Can we build interfaces that visually highlight, instead of obscure, the otherness of the machine?
Before building computer windows onto mathematical landscapes, we had to decide on the viewpoint, and the view itself. In other words: we needed to decide on the neural networks, and the datasets we would use for training the model. We began with two neural image generating networks with limited capacity for ease of experimentation. Each network was trained on a different dataset, developing connections and ways of organising data that enabled them to eventually reproduce images of their own.
Instead of trying to directly explain this process of image production, we opted to surface and use the networks’ very behaviour as a creative resource — specifically, their use of the latent space (3).
Within the endless latent space, there exist millions of datapoints, resulting in millions of images that look almost identical, but with small differences. Between these datapoints, we can also find theoretically infinite “intermediate” samples, hybrid images that combine aspects of the datapoints between which they are positioned. In that way, there are any number of points between two selected points. It’s the infinity of this space, the endless visual routes that can be found within these landscapes, that we wanted the user to explore.
Latent spaces represent images as points in a continuous space, meaning that they are filled to the brink with samples of potential images. What can we learn from being in such an infinite space?
Through the aperture
We saw the opportunity to both showcase the existence of this theoretically infinite manifold of newly discovered images, and glimpse the logics through which they are produced. Working with Claartje, we created two machine windows: Continuous Coordinates and Compositional Computations.
This interface invites you to walk the first network’s latent space on a path of your own making, giving you insight into how the model organises information, and the vast visual material it contains.
To do so, the interface selects a “slice” of the (in this case) 100-dimensional latent space (4) for you to roam around in. You can probe this space, and create a sequence of points to form a path. The network generates images for each latent point you select, as well as for the points in between. Once your path is complete, you can “travel” along it, viewing the infinite continuum of images between points.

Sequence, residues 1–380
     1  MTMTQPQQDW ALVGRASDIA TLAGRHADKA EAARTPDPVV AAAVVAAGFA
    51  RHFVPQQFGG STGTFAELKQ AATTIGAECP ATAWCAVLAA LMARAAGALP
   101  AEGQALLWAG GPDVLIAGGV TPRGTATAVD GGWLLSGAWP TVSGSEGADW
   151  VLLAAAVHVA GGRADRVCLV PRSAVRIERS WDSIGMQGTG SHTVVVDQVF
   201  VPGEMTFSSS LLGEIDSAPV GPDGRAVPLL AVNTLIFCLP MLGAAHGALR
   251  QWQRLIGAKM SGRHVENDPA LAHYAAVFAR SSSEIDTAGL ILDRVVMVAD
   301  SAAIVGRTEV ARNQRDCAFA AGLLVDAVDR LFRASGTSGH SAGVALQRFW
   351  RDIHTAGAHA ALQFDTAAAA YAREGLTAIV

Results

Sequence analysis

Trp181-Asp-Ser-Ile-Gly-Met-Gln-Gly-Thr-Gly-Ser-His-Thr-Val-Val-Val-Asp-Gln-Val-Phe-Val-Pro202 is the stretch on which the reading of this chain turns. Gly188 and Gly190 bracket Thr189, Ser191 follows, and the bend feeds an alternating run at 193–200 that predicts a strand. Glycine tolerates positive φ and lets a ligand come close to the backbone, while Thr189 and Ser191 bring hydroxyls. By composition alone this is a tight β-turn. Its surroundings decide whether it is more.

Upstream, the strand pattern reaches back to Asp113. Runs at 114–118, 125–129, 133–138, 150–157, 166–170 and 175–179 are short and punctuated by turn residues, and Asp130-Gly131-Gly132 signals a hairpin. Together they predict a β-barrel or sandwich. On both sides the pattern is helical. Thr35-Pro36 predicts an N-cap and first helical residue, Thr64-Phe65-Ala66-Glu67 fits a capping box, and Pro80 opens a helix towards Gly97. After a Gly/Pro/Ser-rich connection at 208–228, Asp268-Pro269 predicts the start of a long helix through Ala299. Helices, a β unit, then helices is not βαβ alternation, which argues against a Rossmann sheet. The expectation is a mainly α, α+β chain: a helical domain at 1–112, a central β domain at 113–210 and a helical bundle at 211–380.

Computational Compositions invites you to create a composition with our second neural network, and while doing so, observe the unique artefacts the network produces in its pursuit of visual connections.
Each composition is made of a set of tiles generated by the network, and curated by you. When you click on a cell, a random point from the latent space is chosen and translated to an image by the network. For each adjacent tile generated, an additional algorithmic scheme, stochastic gradient descent, roams the network’s latent space, seeking out a datapoint that can generate a tile that fits seamlessly with the ones that came before. This algorithm does so by working iteratively, measuring the in-paint defect of each version of the tile, and then translating this to a direction of movement within the latent space, towards a point that yields a better fit. The end result is a composition defined by you, and driven by a machine trained to generate images that fit certain visual constraints.
For this particular interface, Claartje purposely overwhelmed a limited capacity model with a more complex dataset. Because the model was able to capture some, but not all of this complexity, it started producing intriguing “artefacts” — shapes that are more organic than the dataset it was trained on, exactly because of its lack of capacity. These unique patterns let us glimpse the machine’s visual otherness, an “intelligence” that can make unexpected combinations. Through the process of creating this composition, we have a window to the model’s sometimes unlikely decision-making, and the vast number of visual possibilities it contains.
A new palette and point-of-view
With Machine Windows, we invite the user on an interactive stroll through the land of the machine, creating pathways that draw attention to the breadth of material it contains, and the visual otherness it offers. Instead of seeking a single, optimised answer, we showcase a multitude of potential answers. By taking this approach, we have deliberately prioritised complexity over simplicity, variability over efficiency.
On the one hand, the windows offer us a new palette for making, a landscape of pre-generated images that we can take, remix, and build upon, shifting the role of these visuals from conclusive outcome, to process material. On the other hand, they offer us a new way of showcasing the richness of computer decision-making processes for those who don't speak the language of mathematics, a point-of-view that combines the imaginative with the informative.
The computer window acts as an interface between human and machine, designer and developer, image and datapoint, formula and formlessness, random walks and optimised routes.
Combining tech and design in one team, we are continuously building interfaces that help us see machine learning at work, within the image-generating domain and beyond. Taking the end-user into account, we need to constantly question how much of the machine to reveal and when, how to manage the complexity of a generative system without obscuring it completely, and the terms of engagement and intervention between the user and the network. This is an on-going quest.
Through navigating these questions, we hope to move toward a clearer view of the world of machine decision-making, and how we interact with it.